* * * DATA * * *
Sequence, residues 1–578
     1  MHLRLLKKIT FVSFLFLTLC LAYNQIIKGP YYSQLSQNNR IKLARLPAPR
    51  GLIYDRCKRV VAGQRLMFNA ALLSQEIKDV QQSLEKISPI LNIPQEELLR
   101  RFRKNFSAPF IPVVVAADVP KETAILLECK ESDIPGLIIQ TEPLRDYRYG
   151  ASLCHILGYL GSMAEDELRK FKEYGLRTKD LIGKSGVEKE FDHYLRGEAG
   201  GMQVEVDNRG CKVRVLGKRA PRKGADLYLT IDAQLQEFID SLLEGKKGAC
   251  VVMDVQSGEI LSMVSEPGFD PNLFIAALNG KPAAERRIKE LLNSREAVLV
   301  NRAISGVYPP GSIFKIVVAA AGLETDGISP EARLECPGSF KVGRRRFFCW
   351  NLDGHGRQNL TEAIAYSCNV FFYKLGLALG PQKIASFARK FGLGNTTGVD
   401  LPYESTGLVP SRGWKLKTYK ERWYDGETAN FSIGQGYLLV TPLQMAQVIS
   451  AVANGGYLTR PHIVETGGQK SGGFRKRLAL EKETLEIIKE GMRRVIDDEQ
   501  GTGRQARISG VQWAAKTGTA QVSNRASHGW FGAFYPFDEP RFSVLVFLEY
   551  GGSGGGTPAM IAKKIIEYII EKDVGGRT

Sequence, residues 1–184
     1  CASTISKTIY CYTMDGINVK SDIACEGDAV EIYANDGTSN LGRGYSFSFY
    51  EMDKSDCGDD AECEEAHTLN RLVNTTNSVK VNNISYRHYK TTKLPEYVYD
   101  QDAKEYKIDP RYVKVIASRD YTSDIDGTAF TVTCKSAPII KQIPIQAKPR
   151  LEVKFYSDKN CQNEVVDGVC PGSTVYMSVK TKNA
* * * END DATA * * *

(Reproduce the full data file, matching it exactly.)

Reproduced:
Sequence, residues 1–578
     1  MHLRLLKKIT FVSFLFLTLC LAYNQIIKGP YYSQLSQNNR IKLARLPAPR
    51  GLIYDRCKRV VAGQRLMFNA ALLSQEIKDV QQSLEKISPI LNIPQEELLR
   101  RFRKNFSAPF IPVVVAADVP KETAILLECK ESDIPGLIIQ TEPLRDYRYG
   151  ASLCHILGYL GSMAEDELRK FKEYGLRTKD LIGKSGVEKE FDHYLRGEAG
   201  GMQVEVDNRG CKVRVLGKRA PRKGADLYLT IDAQLQEFID SLLEGKKGAC
   251  VVMDVQSGEI LSMVSEPGFD PNLFIAALNG KPAAERRIKE LLNSREAVLV
   301  NRAISGVYPP GSIFKIVVAA AGLETDGISP EARLECPGSF KVGRRRFFCW
   351  NLDGHGRQNL TEAIAYSCNV FFYKLGLALG PQKIASFARK FGLGNTTGVD
   401  LPYESTGLVP SRGWKLKTYK ERWYDGETAN FSIGQGYLLV TPLQMAQVIS
   451  AVANGGYLTR PHIVETGGQK SGGFRKRLAL EKETLEIIKE GMRRVIDDEQ
   501  GTGRQARISG VQWAAKTGTA QVSNRASHGW FGAFYPFDEP RFSVLVFLEY
   551  GGSGGGTPAM IAKKIIEYII EKDVGGRT

Sequence, residues 1–184
     1  CASTISKTIY CYTMDGINVK SDIACEGDAV EIYANDGTSN LGRGYSFSFY
    51  EMDKSDCGDD AECEEAHTLN RLVNTTNSVK VNNISYRHYK TTKLPEYVYD
   101  QDAKEYKIDP RYVKVIASRD YTSDIDGTAF TVTCKSAPII KQIPIQAKPR
   151  LEVKFYSDKN CQNEVVDGVC PGSTVYMSVK TKNA